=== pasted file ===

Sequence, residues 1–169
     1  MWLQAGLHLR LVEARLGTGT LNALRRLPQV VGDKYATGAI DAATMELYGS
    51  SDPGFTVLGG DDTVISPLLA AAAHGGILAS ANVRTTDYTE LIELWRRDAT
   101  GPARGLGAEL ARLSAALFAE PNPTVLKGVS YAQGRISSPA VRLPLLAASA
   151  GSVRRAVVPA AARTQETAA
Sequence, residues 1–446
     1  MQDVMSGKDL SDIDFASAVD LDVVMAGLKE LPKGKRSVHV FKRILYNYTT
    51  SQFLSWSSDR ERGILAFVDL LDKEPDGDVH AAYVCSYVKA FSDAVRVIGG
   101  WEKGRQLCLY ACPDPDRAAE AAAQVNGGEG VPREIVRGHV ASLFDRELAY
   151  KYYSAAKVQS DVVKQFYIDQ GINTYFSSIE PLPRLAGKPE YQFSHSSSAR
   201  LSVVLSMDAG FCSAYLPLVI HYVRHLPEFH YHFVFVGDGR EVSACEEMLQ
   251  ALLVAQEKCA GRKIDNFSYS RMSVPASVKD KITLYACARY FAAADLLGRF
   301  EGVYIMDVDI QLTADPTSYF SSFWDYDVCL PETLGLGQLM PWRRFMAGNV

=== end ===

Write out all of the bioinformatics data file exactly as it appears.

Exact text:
Sequence, residues 1–169
     1  MWLQAGLHLR LVEARLGTGT LNALRRLPQV VGDKYATGAI DAATMELYGS
    51  SDPGFTVLGG DDTVISPLLA AAAHGGILAS ANVRTTDYTE LIELWRRDAT
   101  GPARGLGAEL ARLSAALFAE PNPTVLKGVS YAQGRISSPA VRLPLLAASA
   151  GSVRRAVVPA AARTQETAA
Sequence, residues 1–446
     1  MQDVMSGKDL SDIDFASAVD LDVVMAGLKE LPKGKRSVHV FKRILYNYTT
    51  SQFLSWSSDR ERGILAFVDL LDKEPDGDVH AAYVCSYVKA FSDAVRVIGG
   101  WEKGRQLCLY ACPDPDRAAE AAAQVNGGEG VPREIVRGHV ASLFDRELAY
   151  KYYSAAKVQS DVVKQFYIDQ GINTYFSSIE PLPRLAGKPE YQFSHSSSAR
   201  LSVVLSMDAG FCSAYLPLVI HYVRHLPEFH YHFVFVGDGR EVSACEEMLQ
   251  ALLVAQEKCA GRKIDNFSYS RMSVPASVKD KITLYACARY FAAADLLGRF
   301  EGVYIMDVDI QLTADPTSYF SSFWDYDVCL PETLGLGQLM PWRRFMAGNV